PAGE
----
Tynemouth in old picture postcards

Tynemouth in old picture postcards

:   Eric Hollerton
:   Tyne & Wear
:   United Kingdom
:   978-90-288-3496-5
:   144
:   EUR 16.95 Incl BTW *

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Fragmenten uit het boek 'Tynemouth in old picture postcards'

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59. One preserved stone in the Priory grounds was brought from a nearby farm in 1936. The Monk's Stone, so the legend has it, marked the boundary of the ecclesiastical lands, beyond which all were safe from civil authority. One day, a monk from the Priory went to beg food at Earl Delaval's hall. Being refused, he stole a pig's head, roasting for the lord's supper. When Earl Delaval found out, he pursued the monk, overtaking him at the stone marker. This notwithstanding, he beat the monk so severely that he died within a year and a day. As penance he gave up his manor of Elswiek to the Priory. On the stone was carved the line: '0 horor, to kill a man for a pigge's hede.'

60. Captain Casimir Thomas Gomoszynski, in everyday life the Tynemouth Borough Surveyor, was also a member of Tynemouth Artillery Volunteers. In 1859, at a time when war with Napoleon 111 was feared, Tynemouth set up the first Volunteer Artillery Corps, a fact of which the local people were very proud. By 1880 they were six batteries strong, and the senior Volunteer Corps on the Army List. Proposals to amalgamate them with a Newcastle Corps provoked popular indignation, and following petitions to the Secretary of State for War, they retained their position. The Volunteers became Tynemouth Royal Garrison Artillery, as part ofthe Territorial Army, in 1907, and disbanded in 1959.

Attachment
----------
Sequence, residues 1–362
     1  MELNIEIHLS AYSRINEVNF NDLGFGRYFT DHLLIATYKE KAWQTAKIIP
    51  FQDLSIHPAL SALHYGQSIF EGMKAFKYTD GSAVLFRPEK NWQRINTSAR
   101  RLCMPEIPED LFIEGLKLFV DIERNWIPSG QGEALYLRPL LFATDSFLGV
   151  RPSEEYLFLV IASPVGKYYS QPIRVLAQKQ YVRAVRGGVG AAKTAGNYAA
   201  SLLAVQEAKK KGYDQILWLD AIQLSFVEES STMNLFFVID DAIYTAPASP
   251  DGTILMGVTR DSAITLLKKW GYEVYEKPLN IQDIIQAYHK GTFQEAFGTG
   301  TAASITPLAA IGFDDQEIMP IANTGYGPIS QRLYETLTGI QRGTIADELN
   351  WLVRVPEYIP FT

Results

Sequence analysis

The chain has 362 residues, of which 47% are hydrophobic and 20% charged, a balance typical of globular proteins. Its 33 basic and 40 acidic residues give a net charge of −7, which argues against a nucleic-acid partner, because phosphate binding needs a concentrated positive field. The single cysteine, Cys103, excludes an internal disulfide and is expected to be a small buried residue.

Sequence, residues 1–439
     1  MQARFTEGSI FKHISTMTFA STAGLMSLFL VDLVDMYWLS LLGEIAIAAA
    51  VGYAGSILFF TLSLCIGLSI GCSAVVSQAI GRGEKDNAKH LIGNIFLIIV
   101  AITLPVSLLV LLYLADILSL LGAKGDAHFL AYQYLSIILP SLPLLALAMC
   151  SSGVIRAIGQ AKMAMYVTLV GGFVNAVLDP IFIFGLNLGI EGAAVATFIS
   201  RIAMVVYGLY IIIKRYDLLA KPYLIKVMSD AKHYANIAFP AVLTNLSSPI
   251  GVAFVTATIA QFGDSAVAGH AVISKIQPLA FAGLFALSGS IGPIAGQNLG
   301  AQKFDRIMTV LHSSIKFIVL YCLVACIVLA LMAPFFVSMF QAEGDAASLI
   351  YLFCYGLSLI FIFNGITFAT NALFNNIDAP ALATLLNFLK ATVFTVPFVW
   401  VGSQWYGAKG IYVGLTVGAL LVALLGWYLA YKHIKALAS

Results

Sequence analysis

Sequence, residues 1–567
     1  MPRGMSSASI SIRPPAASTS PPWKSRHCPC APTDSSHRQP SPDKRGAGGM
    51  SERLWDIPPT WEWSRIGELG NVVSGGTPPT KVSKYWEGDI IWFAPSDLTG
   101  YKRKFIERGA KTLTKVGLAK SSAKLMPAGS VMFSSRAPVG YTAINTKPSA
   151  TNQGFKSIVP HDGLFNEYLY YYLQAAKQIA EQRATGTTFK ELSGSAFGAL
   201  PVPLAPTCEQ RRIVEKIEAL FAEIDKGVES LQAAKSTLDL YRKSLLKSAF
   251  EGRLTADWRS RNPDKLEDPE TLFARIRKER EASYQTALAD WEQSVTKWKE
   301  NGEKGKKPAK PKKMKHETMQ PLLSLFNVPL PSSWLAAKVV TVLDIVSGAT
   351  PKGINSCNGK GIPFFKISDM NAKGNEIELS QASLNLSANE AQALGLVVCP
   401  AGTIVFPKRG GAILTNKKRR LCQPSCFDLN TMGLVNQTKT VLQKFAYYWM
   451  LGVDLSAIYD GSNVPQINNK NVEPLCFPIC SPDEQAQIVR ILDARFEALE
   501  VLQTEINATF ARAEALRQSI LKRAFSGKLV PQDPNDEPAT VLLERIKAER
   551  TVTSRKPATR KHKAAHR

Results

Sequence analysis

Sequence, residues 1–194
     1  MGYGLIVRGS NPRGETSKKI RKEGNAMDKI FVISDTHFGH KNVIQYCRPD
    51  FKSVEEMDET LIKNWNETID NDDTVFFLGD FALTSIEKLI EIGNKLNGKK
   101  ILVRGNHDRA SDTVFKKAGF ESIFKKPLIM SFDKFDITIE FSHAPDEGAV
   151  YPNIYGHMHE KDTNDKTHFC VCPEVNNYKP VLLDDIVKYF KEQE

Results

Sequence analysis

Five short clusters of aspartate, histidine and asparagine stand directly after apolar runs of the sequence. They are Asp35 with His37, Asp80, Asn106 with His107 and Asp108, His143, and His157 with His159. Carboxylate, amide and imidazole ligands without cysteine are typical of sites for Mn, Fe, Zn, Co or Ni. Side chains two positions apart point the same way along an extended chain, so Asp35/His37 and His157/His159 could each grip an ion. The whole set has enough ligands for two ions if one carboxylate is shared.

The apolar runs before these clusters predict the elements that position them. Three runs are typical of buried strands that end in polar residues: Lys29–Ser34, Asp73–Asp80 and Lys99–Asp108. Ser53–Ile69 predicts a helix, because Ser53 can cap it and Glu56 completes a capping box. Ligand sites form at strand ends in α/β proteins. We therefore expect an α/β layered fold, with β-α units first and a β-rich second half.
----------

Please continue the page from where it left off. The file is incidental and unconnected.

61. The lawns now surrounding the Priory give little hint of the extent to which the military authorities took over the grounds. To the left are the barracks, storerooms and hospital, together with the lighthouse, built in 1775. An earlier tower on the site used stone from the monastery buildings. Towards the turn of the century the light was replaced by others at St. Mary's Island and the North Pier. To the right is the large magazine mound, for which the cloister buildings were destroyed between 1863 and 1865. In the distance is the North Pier, which was begun in the middle of the nineteenth century, but not completed by the time the photograph was taken, towards the end of the century.

The Blad. Middens, North. Shields

62. For centuries the Tyne was a treacherous river to enter. Strong currents along the coast and a narrow, winding entrance to the harbour, brought many ships to grief. Even in the days of steam, ships were lost on the Black Middens rocks, on the north bank of the Tyne, or on the Herd Sands to the south. When the Tyne Improvement Commission was set up in 1850, one of its priorities was the creation of a harbour of refuge at the mouth of the river. This was a massive engineering project for its time, and took over fifty years to complete.

63. Shortly after ten o'clock on 20th October 1894, a ship was sighted labouring off the harbour entrance. She was the brigantine 'Fame', of Drogheda, on passage from Llanelly to West Hartlepooi carrying bumt ore. Ahuge sea washed her behind the North Pier, where she was trapped by the waves. The Volunteer Life Brigade, finding themselves unable to surnmon help, prepared to rescue the crew alone. As soon as the ship grounded, they fired roeket lines over her, one catching in the mainmast and setting it alight. Within fifteen minutes all the crew of six were rescued by breeches buoy.